- Effort by Railroad to Promote Safety Draws Fine from OSHA
- February 20, 2014 | Author: Joseph F. Spitzzeri
- Law Firm: Johnson & Bell, Ltd. - Chicago Office
A whistleblower investigation by the U.S. Department of Labors’ Occupational Safety and Health Administration determined that an Illinois railroad, by conducting a disciplinary hearing, retaliated against a worker for reporting a work related injury, in violation of the whistleblower protection provisions of the Federal Railroad Safety Act. “Railroad workers have the legal right to report work related injuries without fear of retaliation,” said Theresa A. Harrison, OSHA’s acting Regional Administrator in Atlanta. “Railroads that take such retaliatory actions against their workers for exercising basic rights will be held fully accountable and prosecuted.”
In this case, the conductor sustained injuries to his head, neck and back when falling into the bulkhead after the emergency brake was applied unexpectedly on a moving locomotive. The incident and injuries were reported immediately to the train master. The complainant was taken by ambulance to the hospital, admitted and diagnosed with a closed-head injury.
As a result of its findings, OSHA ordered the railroad to pay $1,000 in punitive damages and to take corrective action, including expunging disciplinary actions and its references to them from various records. OSHA also ordered the railroad to compensate the worker for reasonable attorney’s fees. The railroad must also post and provide Federal Railroad Safety Act (FRSA) whistleblower rights to its workers.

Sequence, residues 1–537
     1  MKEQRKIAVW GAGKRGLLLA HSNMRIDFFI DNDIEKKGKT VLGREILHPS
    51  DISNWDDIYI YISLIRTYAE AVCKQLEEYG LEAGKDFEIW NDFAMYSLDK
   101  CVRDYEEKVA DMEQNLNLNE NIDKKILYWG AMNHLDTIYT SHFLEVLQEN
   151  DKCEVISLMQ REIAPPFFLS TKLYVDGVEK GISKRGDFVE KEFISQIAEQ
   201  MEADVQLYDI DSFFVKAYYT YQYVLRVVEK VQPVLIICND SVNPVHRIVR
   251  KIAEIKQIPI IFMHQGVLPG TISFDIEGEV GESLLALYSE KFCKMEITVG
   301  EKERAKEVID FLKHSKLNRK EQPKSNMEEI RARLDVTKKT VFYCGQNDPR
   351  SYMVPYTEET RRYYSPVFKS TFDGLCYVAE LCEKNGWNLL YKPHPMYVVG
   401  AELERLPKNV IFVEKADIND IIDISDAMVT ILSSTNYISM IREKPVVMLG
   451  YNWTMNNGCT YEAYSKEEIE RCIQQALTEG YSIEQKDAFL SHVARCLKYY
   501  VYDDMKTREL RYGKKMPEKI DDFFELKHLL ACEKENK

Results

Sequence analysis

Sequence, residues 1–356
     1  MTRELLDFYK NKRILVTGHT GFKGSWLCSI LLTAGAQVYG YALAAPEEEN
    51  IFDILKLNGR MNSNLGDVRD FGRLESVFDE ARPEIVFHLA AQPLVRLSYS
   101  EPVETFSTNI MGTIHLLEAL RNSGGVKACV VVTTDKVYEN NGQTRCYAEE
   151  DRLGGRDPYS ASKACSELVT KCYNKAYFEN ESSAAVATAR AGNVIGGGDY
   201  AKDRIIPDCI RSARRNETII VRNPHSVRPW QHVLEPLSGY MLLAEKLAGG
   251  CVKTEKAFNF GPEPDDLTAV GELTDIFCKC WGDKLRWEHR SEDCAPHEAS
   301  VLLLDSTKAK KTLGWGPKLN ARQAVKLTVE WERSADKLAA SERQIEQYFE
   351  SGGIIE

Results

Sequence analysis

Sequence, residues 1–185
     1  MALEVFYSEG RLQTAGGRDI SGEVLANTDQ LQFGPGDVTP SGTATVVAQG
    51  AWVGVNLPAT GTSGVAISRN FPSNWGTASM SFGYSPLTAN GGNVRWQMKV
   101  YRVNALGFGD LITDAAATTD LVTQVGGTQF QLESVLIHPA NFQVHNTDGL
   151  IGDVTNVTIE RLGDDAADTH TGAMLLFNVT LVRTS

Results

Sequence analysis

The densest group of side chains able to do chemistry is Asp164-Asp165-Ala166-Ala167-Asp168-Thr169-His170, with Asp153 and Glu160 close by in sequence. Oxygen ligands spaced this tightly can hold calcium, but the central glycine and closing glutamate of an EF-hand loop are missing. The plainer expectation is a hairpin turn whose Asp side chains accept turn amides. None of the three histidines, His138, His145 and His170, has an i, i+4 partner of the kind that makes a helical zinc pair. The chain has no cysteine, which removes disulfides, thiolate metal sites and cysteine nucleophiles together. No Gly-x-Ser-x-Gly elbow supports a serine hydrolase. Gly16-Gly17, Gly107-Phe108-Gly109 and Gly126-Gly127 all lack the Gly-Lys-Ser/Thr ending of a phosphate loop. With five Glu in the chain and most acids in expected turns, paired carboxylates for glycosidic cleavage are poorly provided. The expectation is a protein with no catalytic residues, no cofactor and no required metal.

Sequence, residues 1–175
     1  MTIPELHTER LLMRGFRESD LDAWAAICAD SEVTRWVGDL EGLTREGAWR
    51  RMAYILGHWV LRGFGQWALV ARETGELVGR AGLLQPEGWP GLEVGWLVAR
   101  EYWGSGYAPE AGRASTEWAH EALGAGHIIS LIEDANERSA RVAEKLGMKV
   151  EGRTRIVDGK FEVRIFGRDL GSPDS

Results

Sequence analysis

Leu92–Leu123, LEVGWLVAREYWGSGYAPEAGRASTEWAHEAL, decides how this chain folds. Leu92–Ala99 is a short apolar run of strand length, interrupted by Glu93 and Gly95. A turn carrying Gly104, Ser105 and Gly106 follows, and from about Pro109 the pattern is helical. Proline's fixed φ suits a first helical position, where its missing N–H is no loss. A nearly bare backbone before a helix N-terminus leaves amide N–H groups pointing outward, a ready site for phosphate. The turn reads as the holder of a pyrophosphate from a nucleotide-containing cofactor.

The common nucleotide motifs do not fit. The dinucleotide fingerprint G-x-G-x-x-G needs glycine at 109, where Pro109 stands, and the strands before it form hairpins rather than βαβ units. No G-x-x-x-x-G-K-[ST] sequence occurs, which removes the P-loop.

Under FRSA, employees of a railroad carrier and its contractors and subcontractors are protected against retaliation for reporting on-the-job injuries, certain safety and security violations and for cooperating with investigations by OSHA and other regulatory agencies.
This recent action by OSHA, coupled with its recently expressed views against safety incentive programs, suggests OSHA is willing to penalize employers for taking corrective action to promote safety. The OSH Act does place obligations upon employees to comply with the Act and its regulations even though there are currently no provisions in place for citing employees for said violations. Employers should remain vigilant in investigating accidents for safety violations and should not be chilled from doing so by OSHA’s recent enforcement action. OSHA’s actions need to be challenged as an unreasonable overreaching of its powers, contrary to its safety mission.
In a similar situation, the DOL filed suit against a national telephone company alleging that from 2011-2013, 13 employees were suspended without pay after they reported injuries that occurred on the job. The phone company maintains that each employee broke standard safety requirements. The DOL responded that OSH Act states that employers are to provide a safe environment for their workers, and any disciplinary action taken against an employee for reporting an injuring that occurred on the job is a violation of whistleblower provisions.
OSHA enforces the whistleblower provisions of the FRSA and 21 other statutes protecting employees who report violations of various securities, financial services, trucking, airline, nuclear power, pipeline, environment, rail, maritime, healthcare, food safety, motor vehicle safety, workplace safety and health regulations, and consumer product safety laws.